The Original Macintosh:    2 of 12 
Scrooge McDuck
Author: Andy Hertzfeld
Date: February 1980
Characters: Burrell Smith, Andy Hertzfeld, Jef Raskin, Tom Whitney, Bob Bishop, Cliff Huston, Dick Huston
Topics: Origins, Hardware Design, Prototypes
Summary: The very first image on the very first Macintosh
this image is similar to the first
image ever displayed on a Macintosh

Burrell Smith liked to do intensive design work over the Christmas break, so the very first prototype of the very first Macintosh sprung to life early in the first month of the new decade, in January 1980. It wasn't really a stand-alone computer yet, as the prototype resided on an Apple II peripheral card, but it already contained the essential hardware elements of Jef Raskin's Macintosh dream: a Motorola 6809E microprocessor, 64K of memory, and a 256 by 256 bit-mapped graphic frame buffer, which was hooked up to a cute, tiny 7 inch black and white display. Burrell used the Apple II host to poke values into the memory of the prototype, so he could initialize the control registers and run small programs with the 6809.

I went out to lunch with Burrell a few weeks later and, knowing my appreciation for Woz-like hardware hacks, he explained the crazy way that he contrived for the Apple II to talk with the prototype. He didn't want to waste time designing and wiring up hardware to synchronize the memory of the two machines, since that wouldn't be needed by the real product. Instead, he delegated the memory synchronization to the software, requiring the Apple II to hit a special memory address to tell the prototype how many microseconds later to grab data off of the common data bus. It was weird enough to make me interested in seeing if it really worked.

By now, Burrell thought that he had the graphics running properly, but he wasn't really sure; he still needed to write some software to try it out. I told him that I'd look into it when I had some time. He gave me a copy of a handwritten page that contained the magic addresses that I'd have to use, hoping that I'd get around to it soon.

I was used to coming back to the lab at Apple after dinner, to see if anything interesting was going on and working on various extra-curricular projects. I had some spare time that night, so I got out Burrell's instructions and wrote an Apple II (6502) assembly language routine to do the necessary bit-twiddling to transfer whatever was on the Apple II's hi-res graphic display to the Mac prototype's frame-buffer, using Burrell's unusual synchronization scheme.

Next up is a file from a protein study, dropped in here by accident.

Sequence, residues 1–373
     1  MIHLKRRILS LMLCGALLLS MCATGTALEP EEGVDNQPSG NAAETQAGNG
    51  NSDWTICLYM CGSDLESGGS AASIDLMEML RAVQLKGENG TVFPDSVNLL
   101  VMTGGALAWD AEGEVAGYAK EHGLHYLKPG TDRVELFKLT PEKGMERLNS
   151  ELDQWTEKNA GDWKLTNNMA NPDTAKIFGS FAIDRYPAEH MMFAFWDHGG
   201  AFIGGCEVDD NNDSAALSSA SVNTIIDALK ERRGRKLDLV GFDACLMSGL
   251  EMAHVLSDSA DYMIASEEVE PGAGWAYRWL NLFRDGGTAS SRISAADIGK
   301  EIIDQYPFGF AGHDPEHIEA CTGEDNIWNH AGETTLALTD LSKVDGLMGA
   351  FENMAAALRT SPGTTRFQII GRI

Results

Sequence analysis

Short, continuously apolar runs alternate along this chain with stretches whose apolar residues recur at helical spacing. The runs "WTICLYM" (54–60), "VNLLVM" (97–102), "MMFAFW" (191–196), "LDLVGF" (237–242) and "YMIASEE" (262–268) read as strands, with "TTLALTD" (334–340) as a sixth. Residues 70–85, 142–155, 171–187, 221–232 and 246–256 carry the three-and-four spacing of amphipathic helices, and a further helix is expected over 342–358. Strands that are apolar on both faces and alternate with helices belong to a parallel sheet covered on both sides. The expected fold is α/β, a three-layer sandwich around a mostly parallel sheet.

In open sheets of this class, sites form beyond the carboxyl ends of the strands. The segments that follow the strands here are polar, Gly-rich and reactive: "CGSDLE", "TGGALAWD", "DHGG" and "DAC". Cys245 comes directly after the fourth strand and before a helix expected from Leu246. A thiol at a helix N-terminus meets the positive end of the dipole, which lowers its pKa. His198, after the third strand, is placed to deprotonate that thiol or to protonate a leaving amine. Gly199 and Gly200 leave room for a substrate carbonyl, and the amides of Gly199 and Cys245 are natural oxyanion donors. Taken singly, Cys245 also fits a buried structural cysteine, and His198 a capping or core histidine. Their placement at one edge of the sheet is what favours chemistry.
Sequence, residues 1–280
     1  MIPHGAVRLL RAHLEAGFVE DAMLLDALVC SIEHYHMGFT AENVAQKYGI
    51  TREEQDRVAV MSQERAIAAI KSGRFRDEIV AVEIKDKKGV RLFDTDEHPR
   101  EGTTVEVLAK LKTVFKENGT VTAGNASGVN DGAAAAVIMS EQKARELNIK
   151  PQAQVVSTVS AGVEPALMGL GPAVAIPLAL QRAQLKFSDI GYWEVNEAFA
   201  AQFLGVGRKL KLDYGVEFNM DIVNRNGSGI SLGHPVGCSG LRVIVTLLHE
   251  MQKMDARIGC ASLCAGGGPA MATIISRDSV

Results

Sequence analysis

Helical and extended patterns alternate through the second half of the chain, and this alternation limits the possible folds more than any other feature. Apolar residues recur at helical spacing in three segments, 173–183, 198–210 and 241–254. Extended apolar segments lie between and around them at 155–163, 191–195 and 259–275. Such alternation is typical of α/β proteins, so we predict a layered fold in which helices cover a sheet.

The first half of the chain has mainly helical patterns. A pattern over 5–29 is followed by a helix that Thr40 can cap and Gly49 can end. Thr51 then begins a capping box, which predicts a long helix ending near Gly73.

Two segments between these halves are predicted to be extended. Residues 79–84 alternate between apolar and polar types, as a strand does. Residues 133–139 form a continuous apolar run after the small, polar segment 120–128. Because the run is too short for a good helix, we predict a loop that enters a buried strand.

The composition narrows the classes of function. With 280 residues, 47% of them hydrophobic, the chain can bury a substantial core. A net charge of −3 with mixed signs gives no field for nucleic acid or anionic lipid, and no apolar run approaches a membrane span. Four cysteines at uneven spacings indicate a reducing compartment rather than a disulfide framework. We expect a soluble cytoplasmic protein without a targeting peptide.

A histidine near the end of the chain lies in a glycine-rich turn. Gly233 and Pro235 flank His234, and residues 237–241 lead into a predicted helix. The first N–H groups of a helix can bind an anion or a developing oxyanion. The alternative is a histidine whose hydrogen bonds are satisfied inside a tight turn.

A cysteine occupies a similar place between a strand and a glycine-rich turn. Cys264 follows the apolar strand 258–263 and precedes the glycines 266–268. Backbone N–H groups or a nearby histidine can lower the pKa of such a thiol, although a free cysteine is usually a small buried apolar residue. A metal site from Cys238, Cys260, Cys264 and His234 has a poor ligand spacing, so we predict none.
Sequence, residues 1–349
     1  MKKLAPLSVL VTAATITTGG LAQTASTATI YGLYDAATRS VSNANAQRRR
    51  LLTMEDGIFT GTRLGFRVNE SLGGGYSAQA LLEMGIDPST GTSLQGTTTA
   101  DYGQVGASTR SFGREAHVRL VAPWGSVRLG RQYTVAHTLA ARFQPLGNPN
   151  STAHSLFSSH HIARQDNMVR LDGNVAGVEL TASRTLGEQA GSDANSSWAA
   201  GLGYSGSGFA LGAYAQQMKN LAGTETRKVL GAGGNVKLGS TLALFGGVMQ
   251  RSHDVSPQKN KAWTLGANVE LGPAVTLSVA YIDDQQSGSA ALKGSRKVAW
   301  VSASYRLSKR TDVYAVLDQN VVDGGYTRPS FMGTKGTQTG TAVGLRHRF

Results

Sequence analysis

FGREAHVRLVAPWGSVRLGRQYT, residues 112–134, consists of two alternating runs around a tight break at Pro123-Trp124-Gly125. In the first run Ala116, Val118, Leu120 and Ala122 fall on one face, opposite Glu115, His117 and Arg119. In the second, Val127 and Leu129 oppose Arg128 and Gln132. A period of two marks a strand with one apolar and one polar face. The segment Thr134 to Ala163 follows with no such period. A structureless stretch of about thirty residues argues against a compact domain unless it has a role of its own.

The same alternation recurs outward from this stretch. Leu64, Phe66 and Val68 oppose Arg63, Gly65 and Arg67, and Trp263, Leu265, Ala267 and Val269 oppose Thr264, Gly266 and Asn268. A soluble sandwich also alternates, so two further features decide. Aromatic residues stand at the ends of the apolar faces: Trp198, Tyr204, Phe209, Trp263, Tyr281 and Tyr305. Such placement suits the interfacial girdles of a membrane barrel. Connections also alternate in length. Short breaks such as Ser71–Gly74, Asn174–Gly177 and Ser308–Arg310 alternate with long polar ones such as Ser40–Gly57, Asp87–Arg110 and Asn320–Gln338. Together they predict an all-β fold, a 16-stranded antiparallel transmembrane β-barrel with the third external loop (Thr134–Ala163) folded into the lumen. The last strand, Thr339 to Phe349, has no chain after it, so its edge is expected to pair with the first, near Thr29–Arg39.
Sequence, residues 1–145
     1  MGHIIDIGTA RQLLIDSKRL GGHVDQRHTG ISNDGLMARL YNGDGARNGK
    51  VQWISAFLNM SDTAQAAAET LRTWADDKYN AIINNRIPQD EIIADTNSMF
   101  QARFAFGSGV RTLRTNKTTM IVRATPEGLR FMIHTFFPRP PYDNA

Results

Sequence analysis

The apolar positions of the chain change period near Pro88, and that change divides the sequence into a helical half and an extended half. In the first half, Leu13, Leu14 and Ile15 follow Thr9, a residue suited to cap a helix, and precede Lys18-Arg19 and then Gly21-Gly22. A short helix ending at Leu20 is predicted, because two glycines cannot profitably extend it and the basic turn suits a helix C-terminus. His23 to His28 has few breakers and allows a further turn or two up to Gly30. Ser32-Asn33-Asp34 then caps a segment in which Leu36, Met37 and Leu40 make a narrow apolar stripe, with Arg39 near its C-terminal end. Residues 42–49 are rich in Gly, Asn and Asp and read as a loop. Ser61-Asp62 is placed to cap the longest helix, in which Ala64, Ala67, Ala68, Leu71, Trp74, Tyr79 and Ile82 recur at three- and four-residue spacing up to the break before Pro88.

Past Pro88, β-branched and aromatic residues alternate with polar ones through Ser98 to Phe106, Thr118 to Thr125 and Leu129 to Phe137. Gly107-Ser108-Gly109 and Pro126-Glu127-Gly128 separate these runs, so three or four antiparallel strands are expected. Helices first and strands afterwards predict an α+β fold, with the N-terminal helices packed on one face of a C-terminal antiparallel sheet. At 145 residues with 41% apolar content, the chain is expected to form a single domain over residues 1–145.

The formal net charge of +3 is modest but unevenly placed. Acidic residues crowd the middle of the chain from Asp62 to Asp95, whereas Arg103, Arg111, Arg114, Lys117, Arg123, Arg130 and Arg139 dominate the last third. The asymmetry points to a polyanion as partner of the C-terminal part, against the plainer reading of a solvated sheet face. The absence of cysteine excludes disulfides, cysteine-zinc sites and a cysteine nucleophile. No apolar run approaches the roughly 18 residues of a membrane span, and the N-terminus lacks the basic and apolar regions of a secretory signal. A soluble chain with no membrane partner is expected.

One of my recent side projects involved using Woz's new, one-to-one interleave floppy disk routines to make very fast slideshow disks on the Apple II. I had just made one full of Disney cartoon characters, that were scanned by Bob Bishop, one of the early Apple software magicians. Bob adored the work of Carl Barks, the Disney artist who specialized in Donald Duck, and he had scanned dozens of Barks' Donald Duck images for the Apple II. I selected an image of Scrooge McDuck sitting on top of a huge pile of money bags, blithely playing his fiddle, with a big grin on his beak. I'm not sure why I picked that one, but it seemed to be appropriate for some reason.

Even though it was starting to get late, I was dying to see if my routine was working properly, and it would be very cool to surprise Burrell when he came in the next day with a detailed image on the prototype display. But when I went to try it, I noticed that Burrell's Apple didn't have a disk controller card, so there was no way to load my program. Damn! I couldn't shut the computer down to insert the card, because I didn't know how to reinitialize the Macintosh board after power-up; Burrell hadn't left the magic incantation for that. I thought I was stuck, and would have to wait until Burrell came in tomorrow.

The only other person in the lab that evening was Cliff Huston, who saw the trouble I was having. Cliff was another early Apple employee, who was Dick Huston's (the heroic programmer who wrote the 256-byte Apple II floppy disc boot ROM) older brother and an experienced, somewhat cynical technician. I explained the situation to him and was surprised when he started to smile.

Cliff told me that he could insert a disk controller card into Burrell's Apple II with the power still on, without glitching it out, a feat that I thought was miraculous - you'd have to be incredibly quick and steady not to short-circuit any of the contacts while you were inserting it, running the risk of burning out both the Apple II and the card. But Cliff said he'd done it many times before: all that was required was the confidence that you could actually do it. So I crossed my fingers as he approached Burrell's Apple like a samurai warrior, concentrating for a few seconds before holding his breath and slamming the disk card into the slot with a quick, stacatto thrust.

I could barely make myself look, but amazingly enough Burrell's machine was still running, and the disk booted up so I could load the Scrooge McDuck image and my new conversion routine. And even more suprising, my routine actually worked the first time, displaying a crisp rendition of Uncle Scrooge fiddling away on the Mac's tiny monitor. The Apple II only had 192 scan-lines, while the embryonic Macintosh had 256, so I had some extra room at the bottom where I rendered the message "Hi Burrell!" in a nice-looking twenty-four point, proportional font.